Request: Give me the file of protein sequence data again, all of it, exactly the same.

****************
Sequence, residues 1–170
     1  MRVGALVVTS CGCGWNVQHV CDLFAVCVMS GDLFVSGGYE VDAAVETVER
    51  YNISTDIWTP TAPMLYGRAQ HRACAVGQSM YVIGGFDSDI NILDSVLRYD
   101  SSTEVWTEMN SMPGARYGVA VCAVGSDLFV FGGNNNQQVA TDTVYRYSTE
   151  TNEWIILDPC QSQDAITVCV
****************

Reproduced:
Sequence, residues 1–170
     1  MRVGALVVTS CGCGWNVQHV CDLFAVCVMS GDLFVSGGYE VDAAVETVER
    51  YNISTDIWTP TAPMLYGRAQ HRACAVGQSM YVIGGFDSDI NILDSVLRYD
   101  SSTEVWTEMN SMPGARYGVA VCAVGSDLFV FGGNNNQQVA TDTVYRYSTE
   151  TNEWIILDPC QSQDAITVCV